When superficial architect Rick (Lam) is suddenly knocked down by a van in the middle of a city road, the last image that he sees before he slips into unconsciousness is that of young writer Angela (Li). After a surprisingly speedy recovery, Rick returns to work though he remains strangely haunted by the image that he saw in that fleeting moment. Plagued by flashbacks that may or may not have happened, Rick throws himself into his work only to find that his next job brings him into contact with Angela. Unfortunately Rick and Angela are on two opposing sides of a plan to re-develop an archaic apartment block, something that the latter is directly affected by. The only way for Rick to appease his employers is to sneakily move into the apartment block and bring down the resistance from within. While he fends off the attentions of the raucous residents, Rick tries to piece together what may have happened between him and Angela and, more importantly, if it happened.
The premise of ‘Stolen Love’ is an intriguing one: the idea of a character unsure of if he loved or even met the woman who haunts his memories is full of potential, having the necessary components to surprise the viewer. Sadly, the actually execution of the idea is slipshod at best. Rife with plot-holes, underwritten characters and a complete lack of thematic direction, this is film-making at its most disappointing.
The first flaw that becomes apparent almost immediately is the poorly constructed characterisations. It is implied that Rick is a selfish charmer who has little consideration for others, but the viewer is left to piece together this information from the scant details on offer. Rick’s ultimate redemption and change from the egotist to the altruist is meant to stir the soul, but the said lack of exposition on his character makes this impossible to care about. Angela is equally uninteresting, a bland mixture of dizzy quirks and hysterical rantings that make have been seen countless times before. If this unappealing lead pairing isn’t enough, the stock Hong Kong characters that populate the rest of the cast should deter even the most foolhardy.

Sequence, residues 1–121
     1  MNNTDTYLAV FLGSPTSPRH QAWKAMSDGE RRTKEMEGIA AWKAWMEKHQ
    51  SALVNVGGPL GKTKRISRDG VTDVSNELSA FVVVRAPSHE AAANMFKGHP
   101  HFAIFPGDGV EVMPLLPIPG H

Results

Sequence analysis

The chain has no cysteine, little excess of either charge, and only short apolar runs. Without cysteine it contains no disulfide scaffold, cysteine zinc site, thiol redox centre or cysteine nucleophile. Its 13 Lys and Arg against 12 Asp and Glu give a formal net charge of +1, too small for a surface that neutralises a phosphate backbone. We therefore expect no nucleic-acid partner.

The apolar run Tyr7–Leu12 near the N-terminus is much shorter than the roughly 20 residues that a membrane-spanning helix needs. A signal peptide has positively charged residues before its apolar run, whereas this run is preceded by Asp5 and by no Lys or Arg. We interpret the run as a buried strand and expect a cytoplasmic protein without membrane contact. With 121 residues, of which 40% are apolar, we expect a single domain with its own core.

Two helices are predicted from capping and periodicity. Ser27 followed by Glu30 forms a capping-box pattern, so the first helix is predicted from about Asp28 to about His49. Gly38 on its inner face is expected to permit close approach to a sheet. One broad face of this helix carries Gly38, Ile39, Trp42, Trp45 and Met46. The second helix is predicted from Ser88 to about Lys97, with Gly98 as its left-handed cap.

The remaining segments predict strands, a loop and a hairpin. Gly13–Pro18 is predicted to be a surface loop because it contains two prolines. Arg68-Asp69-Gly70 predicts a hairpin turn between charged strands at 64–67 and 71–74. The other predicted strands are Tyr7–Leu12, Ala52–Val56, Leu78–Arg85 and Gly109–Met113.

Even though this was an early effort by Alan Mak, a director of his obvious skill should be expected to handle material like this far more competently. Instead of this being a romantic drama – a sub-genre that would be ideal for this story – Mak tries to turn this into a standard rom-com, a mistake that costs the film’s intentions dearly. Such a shallow presentation of events never does justice to the inviting material and the subsequent kooky tone just adds to the constant frustrations. The whole success of the film is dependent on the viewer caring about the lead’s attempt to piece together the past, but this pivotal plot strand is cast aside for a fair portion of the film. Even when the two lead characters do begin to work out what had happened, the results are hardly worth the wait.
As the film drags itself to the finishing line, it unveils a twist that is certainly unexpected, but unintentionally amusing. For such an extravagant plot device to succeed, the preceding hour or so has to set the correct tone – something woefully forgotten here. This final indulgence assumes that the audience is going to forgive such a sudden change of tone, hoping that we can swallow a shift from tired frivolousness to the ethereal. ‘Stolen Love’ is just too bland and sketchy to achieve this. Alan Mak’s uninvolving film lacks a real narrative hook and an empathetic romance, but most of all it lacks the needed sentiment that covers a multitude of cinematic sins.